Al-Diwani said that he decided to return to Egypt immediately after the revolution in 2011, resigning from his position at the World Economic Forum in Geneva, which he had held for 6 years, and was hoping to return to Egypt as it moved into an important stage after the revolution.
“The Center for Economic Studies mainly focuses right now on deepening the correct understanding of social justice, which means achieving opportunities for everyone,” said Al-Diwani.
The centre’s interest in De Soto’s study and project, which is looking to integrate unregistered assets and real estate into the formal sector, comes in terms of achieving social justice in the broader sense, Al-Diwani said, which means granting people their rights in formally owning their assets. This ensures that their assets reach them and help them develop their capabilities and ability to live well.
“Egyptians have a huge amount of savings. If these savings were legalised and brought into the formal economy, the economic growth rate would improve greatly,” said Al-Diwani, pointing out that unregistered savings are the result of long years of work and Egyptians want to ensure their ownership over them formally.
This project does not require money in the first place as it requires a decision and a clear political vision, according to the director. It requires frankness and building confidence in people, reconciling old violations, and legalising their statuses according to clear and specific legal procedures, he said.
“De Soto met with General Al-Sisi for three hours during his recent trip to Egypt a few weeks ago and discussed the project to legalise the informal sector,” said Al-Diwani. He pointed out that Al-Sisi, who appears to have won the presidential elections based on early results, said he would adopt the project. De Soto is expected to return to Cairo shortly to discuss the mechanisms for implementing it.
Al-Diwani said that slums and informal buildings are wasting great opportunities for the private sector to offer necessary services. Legalising these areas would open the door for big investment opportunities, especially in services and infrastructure.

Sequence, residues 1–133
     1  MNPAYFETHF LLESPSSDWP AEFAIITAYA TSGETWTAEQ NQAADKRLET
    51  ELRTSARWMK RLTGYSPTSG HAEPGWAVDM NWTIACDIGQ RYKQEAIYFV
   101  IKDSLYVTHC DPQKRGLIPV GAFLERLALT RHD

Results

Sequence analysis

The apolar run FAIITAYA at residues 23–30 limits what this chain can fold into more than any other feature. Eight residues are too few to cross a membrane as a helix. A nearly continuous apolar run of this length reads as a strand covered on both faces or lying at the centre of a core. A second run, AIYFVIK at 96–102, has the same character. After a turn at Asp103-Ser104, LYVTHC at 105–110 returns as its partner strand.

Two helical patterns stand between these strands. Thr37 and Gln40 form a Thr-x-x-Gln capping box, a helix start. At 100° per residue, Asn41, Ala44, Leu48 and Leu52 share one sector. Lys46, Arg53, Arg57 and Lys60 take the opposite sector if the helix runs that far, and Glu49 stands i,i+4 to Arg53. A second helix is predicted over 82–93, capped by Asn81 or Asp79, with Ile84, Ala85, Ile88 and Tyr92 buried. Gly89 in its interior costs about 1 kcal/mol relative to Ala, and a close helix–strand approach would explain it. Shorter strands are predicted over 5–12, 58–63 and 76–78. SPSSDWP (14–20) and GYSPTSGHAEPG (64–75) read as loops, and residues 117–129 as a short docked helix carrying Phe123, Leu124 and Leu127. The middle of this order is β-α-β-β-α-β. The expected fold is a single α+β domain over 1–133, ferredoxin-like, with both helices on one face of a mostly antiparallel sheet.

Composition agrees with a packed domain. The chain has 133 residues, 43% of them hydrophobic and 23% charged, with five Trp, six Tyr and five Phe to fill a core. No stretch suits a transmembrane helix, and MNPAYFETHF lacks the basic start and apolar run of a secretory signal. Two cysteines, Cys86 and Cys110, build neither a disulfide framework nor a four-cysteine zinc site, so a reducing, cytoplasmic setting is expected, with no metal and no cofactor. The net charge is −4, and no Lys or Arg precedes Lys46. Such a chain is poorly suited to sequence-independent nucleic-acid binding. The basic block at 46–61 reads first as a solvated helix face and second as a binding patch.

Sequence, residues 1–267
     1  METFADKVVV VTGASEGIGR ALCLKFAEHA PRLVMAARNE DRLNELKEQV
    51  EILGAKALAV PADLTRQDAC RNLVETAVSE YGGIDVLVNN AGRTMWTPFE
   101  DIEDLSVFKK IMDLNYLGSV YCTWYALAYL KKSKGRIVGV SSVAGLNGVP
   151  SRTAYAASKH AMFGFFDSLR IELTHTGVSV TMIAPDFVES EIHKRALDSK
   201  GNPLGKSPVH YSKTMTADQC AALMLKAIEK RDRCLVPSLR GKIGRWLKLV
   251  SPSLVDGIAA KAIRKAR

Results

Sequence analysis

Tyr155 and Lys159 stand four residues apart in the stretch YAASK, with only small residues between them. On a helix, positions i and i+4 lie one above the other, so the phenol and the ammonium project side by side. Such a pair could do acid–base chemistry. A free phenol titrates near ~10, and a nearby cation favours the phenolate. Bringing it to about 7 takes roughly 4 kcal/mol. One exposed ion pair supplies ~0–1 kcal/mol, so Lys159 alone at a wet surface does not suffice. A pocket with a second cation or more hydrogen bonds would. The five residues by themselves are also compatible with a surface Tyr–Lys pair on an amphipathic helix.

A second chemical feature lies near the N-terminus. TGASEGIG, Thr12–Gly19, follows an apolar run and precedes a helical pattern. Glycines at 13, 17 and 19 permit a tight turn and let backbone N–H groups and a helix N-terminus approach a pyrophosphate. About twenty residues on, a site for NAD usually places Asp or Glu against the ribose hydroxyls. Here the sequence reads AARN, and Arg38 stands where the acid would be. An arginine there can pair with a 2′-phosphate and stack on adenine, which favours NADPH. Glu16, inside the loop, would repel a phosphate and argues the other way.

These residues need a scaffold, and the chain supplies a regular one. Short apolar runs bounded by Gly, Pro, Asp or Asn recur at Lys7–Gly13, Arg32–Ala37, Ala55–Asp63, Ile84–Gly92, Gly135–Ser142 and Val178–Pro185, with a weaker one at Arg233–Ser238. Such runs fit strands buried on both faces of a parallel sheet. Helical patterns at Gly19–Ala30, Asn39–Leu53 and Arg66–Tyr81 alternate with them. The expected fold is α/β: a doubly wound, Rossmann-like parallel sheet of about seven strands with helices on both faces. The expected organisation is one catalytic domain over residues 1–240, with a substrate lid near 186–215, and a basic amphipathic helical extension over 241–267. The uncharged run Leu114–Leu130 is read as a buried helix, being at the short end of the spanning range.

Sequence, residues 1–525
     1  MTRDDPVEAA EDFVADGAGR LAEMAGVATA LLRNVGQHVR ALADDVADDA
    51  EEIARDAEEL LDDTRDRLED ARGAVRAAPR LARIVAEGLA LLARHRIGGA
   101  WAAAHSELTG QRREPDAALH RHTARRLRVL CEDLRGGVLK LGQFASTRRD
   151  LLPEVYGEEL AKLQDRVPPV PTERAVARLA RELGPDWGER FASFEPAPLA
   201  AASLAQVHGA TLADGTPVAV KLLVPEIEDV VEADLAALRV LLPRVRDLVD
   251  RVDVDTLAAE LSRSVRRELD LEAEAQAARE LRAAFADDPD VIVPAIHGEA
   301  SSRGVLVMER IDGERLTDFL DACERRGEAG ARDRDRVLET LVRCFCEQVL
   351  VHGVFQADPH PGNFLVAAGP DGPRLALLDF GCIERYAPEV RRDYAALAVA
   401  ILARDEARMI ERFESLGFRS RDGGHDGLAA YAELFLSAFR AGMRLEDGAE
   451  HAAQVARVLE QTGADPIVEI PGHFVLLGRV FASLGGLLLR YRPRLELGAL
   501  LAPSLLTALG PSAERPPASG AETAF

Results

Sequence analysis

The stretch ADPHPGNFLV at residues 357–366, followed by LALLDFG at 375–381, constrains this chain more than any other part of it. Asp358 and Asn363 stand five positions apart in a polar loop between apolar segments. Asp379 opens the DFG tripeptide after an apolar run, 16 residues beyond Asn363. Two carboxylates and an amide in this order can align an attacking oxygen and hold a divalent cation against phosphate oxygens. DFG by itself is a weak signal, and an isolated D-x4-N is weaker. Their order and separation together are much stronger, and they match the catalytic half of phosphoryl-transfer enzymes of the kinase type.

He pointed out that implementing this project has two main components. First, the government needs to solve the crisis of confidence between the people and the government. The government needs to explain in unambiguous terms that these steps are for their own benefit, and that all old violations will be disregarded and their statuses legalised.
The second component, he said, has to do with operational procedures for the recognition of contracts and registering property. He explained the experience of South Africa, where a committee of elders was formed in each area or neighbourhood, and those interested applied to it to register their properties. Following this a study was conducted into the claims of ownership and an appeal process was opened. Finally, registration was granted to whoever was proven to be the owner.
The problem of registration in Egypt is a strange phenomenon, Al-Diwani said. Most of the assets, real estate and land is unregistered, he went on, explaining that acres of agricultural land which farmers acquired according to the social reform law dating from the Nasser period – five acres per farmer – was never registered as real estate, even through today. Instead, these are merely holdings dealt with by the credit and cooperative association it belongs to, and they cannot take mortgages from regular banks or receive funding based on this ownership.
“Most of these lands are still registered in the names of pashas and feudal lords,” said the director.